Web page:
If we get beyond this fear, we can connect on a more meaningful level with colleagues. “We have to get beyond the fear of dealing with ourselves as individuals and as groups,” explained Powell. Part of that process means laying the groundwork with relationships. “So often, I think we assume that people want the same thing [as we do]—like we’re all cut from the same cloth. At the human level, yes we are—but at a desire, motivation and aspirational level, it is as diverse as the stars in the sky. But [we can] miss that about each other.”
3. Effective leadership starts with authenticity.
What’s really driving some of that fear in today’s workplace? Powell said part of it is about vulnerability: “Very few people want to show up at work fully transparent. The fact that people can’t show up with their authentic self—because of vulnerability—creates a lot of angst in organizations from leadership all the way down to the most junior person in the organization.”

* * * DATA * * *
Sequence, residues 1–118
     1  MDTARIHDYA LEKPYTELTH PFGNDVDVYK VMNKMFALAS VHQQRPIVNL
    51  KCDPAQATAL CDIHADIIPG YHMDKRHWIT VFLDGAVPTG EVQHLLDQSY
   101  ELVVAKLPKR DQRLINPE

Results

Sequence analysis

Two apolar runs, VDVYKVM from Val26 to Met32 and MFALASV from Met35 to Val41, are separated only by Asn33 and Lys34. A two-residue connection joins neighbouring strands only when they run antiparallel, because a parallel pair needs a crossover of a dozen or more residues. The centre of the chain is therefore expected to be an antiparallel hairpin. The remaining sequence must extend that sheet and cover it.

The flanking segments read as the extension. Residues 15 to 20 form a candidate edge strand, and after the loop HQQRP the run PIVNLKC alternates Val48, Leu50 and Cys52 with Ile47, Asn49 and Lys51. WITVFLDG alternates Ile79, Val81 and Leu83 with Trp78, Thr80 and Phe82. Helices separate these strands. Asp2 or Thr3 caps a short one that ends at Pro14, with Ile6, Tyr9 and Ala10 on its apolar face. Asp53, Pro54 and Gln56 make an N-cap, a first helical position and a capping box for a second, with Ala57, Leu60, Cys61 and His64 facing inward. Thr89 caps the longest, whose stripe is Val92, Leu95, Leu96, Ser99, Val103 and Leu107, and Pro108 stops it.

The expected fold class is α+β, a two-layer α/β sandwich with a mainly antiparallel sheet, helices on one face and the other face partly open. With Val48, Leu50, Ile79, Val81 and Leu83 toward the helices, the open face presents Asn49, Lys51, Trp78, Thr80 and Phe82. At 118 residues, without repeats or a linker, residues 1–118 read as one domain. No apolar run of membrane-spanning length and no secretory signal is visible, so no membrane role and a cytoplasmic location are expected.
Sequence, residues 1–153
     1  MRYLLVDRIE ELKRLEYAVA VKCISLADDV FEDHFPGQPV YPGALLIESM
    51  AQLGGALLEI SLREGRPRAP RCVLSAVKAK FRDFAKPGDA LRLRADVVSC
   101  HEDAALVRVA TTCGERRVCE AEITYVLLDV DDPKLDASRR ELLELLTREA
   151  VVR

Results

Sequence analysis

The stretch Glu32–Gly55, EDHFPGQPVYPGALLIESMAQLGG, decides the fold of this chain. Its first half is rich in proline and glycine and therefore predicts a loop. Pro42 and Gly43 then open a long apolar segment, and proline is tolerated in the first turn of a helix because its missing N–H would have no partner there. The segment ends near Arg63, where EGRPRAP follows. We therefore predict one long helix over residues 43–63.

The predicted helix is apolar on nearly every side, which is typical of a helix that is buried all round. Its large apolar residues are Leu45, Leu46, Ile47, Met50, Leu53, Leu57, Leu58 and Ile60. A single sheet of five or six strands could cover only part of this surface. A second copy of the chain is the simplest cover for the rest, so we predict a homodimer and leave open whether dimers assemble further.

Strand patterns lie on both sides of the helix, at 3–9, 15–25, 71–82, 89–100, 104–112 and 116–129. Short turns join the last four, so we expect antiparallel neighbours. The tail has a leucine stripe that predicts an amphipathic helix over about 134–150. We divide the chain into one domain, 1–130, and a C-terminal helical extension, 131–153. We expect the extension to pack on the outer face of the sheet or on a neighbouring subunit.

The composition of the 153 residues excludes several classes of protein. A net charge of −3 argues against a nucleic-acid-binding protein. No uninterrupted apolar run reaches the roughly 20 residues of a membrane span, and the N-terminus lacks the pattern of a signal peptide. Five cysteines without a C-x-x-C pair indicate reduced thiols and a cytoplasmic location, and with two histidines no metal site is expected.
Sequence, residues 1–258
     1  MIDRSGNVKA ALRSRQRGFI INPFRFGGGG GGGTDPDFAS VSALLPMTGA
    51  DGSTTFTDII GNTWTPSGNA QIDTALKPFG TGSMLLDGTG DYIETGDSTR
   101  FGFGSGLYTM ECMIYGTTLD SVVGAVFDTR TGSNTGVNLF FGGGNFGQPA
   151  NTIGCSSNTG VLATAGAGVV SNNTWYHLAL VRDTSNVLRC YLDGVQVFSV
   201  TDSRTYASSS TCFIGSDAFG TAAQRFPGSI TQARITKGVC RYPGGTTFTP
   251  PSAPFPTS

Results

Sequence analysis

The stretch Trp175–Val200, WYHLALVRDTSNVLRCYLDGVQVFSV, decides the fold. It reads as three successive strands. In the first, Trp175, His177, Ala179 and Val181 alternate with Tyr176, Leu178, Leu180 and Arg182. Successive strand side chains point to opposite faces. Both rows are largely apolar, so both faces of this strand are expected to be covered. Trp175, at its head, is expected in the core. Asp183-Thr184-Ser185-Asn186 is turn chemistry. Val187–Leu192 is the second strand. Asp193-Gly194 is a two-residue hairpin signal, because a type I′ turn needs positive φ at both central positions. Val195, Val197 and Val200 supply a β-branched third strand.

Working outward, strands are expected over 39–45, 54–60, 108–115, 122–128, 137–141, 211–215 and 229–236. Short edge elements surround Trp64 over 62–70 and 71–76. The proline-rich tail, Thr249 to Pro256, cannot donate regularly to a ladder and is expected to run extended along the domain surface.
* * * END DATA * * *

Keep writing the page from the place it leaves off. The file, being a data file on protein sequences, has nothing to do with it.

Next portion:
It might be on its way to becoming a buzzword (and it’s packed with connotation), but authenticity is a powerful part of how people feel about themselves and about the work they are doing.
Leaders can start by being vulnerable, and by being authentic to who they are, and others will take notice. “Leaders themselves have to be vulnerable and authentic, and represent, and demonstrate, and role model that in an organization.”
Powell regularly shares his frustrations or vulnerabilities with his team. “I would hope that I’m creating an environment where people can show up, contribute, grow, expand, and raise their level of impact, influence and awareness—all of the stuff that keeps us in that ‘art of the possible.’ Anything that’s not keeping us in the art of possible is not what we want.”